Your attention to detail, your unique and always interesting viewpoints and sharing your wonderful way of introducing children to various art forms... all make this another great read from this easygoing storyteller with a vast heart. Hope all is well, Mickey Sr., If art is all about sharing, showing, connecting and communicating- you have shown how well it could be done with this piece.

    • MartieCoetser profile image

      Martie Coetser 

      5 years ago from South Africa

      I am truly in full agreement with you, Mickey, and not just because I am back from a fantastic holiday with the most wonderful man. Art is indeed in the eye of the beholder. You yourself is a piece of art :)

    • MickeySr profile imageAUTHOR


      5 years ago from Hershey, Pa.

      Faith Reaper ~ thanks, and, I am blessed.

    • MickeySr profile imageAUTHOR


      5 years ago from Hershey, Pa.

      Gypsy Rose Lee ~ thanks so much for coming back again and again to read my stuff, that's very encouraging to me.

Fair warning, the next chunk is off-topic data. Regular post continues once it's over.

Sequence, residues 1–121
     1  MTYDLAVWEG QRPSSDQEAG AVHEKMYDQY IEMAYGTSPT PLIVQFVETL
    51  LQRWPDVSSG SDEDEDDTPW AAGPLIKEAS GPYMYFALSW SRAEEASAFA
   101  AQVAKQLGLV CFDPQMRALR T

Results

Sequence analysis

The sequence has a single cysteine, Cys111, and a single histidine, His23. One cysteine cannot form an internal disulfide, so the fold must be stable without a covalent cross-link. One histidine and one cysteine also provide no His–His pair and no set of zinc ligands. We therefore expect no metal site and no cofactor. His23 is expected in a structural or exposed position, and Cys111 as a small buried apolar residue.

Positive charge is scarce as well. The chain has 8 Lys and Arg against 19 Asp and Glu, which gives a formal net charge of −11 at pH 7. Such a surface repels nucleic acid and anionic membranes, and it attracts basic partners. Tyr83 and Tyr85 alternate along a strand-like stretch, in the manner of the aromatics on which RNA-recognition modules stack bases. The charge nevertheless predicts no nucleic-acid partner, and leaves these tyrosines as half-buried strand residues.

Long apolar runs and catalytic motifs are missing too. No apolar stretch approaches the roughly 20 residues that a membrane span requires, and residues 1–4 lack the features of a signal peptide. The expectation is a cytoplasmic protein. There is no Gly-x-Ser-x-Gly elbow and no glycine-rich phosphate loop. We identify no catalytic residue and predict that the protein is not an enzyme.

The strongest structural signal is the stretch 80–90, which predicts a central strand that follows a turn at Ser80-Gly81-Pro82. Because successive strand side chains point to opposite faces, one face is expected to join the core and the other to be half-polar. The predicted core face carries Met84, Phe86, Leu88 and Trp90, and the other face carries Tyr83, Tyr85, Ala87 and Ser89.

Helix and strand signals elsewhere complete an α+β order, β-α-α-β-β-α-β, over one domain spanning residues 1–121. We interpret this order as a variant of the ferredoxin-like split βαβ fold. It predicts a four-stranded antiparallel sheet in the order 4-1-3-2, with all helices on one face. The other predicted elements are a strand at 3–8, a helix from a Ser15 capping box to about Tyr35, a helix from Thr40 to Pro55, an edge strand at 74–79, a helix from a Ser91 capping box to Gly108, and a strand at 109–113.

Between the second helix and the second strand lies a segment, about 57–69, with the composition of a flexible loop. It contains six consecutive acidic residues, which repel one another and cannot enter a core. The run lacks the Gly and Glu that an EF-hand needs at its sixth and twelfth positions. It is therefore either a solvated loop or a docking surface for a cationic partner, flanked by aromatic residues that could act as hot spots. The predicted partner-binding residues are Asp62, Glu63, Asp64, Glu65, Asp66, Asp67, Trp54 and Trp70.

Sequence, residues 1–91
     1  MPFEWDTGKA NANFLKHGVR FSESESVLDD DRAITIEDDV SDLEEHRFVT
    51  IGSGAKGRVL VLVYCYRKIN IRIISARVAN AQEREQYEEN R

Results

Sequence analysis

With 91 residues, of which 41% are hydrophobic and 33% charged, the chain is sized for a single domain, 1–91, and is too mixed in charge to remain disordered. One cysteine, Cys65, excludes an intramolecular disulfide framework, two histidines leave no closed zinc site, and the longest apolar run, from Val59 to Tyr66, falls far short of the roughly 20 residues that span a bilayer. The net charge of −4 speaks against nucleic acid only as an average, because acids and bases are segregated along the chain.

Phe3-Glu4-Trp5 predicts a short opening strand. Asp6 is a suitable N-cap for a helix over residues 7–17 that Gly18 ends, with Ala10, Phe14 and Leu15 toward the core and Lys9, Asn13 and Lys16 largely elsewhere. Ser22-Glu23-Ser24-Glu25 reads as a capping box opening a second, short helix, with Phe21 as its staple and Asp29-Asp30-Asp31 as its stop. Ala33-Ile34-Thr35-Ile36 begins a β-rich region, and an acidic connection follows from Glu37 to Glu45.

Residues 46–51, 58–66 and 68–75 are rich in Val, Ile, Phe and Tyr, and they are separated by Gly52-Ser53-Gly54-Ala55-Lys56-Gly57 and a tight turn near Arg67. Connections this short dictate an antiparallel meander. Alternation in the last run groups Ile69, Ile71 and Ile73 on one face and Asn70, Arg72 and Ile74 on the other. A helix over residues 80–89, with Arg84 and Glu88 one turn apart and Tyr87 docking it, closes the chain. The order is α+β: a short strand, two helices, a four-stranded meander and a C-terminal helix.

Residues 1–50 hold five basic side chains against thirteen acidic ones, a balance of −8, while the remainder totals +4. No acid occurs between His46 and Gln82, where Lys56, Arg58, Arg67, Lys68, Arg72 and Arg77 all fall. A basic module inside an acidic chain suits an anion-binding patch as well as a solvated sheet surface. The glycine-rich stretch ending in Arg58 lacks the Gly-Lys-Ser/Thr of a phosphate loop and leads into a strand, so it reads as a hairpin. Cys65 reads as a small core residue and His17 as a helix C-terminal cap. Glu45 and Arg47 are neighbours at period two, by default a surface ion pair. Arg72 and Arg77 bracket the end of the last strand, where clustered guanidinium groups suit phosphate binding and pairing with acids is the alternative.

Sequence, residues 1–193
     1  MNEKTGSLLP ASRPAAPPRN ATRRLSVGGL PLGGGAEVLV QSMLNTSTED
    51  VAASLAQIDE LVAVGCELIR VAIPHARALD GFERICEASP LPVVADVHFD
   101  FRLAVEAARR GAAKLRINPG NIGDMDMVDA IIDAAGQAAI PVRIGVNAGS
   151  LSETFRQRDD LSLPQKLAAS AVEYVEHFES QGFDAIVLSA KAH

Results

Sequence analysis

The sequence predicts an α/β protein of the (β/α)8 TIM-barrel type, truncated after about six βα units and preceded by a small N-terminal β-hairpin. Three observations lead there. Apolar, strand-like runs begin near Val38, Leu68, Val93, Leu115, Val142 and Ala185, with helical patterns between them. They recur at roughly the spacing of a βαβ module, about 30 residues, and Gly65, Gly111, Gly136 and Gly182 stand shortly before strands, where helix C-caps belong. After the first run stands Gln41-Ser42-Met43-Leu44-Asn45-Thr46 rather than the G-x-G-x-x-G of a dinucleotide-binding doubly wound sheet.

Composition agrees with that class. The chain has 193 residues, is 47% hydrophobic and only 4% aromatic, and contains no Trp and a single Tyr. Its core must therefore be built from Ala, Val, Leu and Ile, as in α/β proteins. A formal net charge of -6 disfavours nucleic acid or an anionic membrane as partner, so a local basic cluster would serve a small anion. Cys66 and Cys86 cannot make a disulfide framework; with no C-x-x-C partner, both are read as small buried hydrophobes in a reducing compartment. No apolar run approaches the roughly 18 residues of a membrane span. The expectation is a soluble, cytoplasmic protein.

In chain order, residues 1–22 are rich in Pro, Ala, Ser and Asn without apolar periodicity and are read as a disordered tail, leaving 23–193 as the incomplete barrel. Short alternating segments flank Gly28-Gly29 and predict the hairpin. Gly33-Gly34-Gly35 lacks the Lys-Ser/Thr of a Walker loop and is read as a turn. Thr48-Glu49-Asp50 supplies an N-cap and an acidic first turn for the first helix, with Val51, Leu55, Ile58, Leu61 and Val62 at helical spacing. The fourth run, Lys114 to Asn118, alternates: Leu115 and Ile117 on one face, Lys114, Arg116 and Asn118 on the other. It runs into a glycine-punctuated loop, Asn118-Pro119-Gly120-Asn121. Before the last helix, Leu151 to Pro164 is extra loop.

• MickeySr profile imageAUTHOR


      5 years ago from Hershey, Pa.

      Nellieanna ~ "My impression from the context and explanation is that it's a self-sketch. Is it?"

      It is . . . I call it (him, as in, that particular part of me) Blind Boy Mickey. The sketch (character) is based on one of the very few extant photographs of Blind Willie McTell, my very favorite musician . . . his first recordings go back to the 20s and his last recordings were well into the 50s. He had a haunting voice and played a 12 string guitar like it was a 6 string, giving his playing an equally haunting tone as he sang things like "tombstone is my pillow, cold ground is my bed" . . . nobody quite like Willie McTell.

      ""Rashomon". . . did any of your children respond to it?"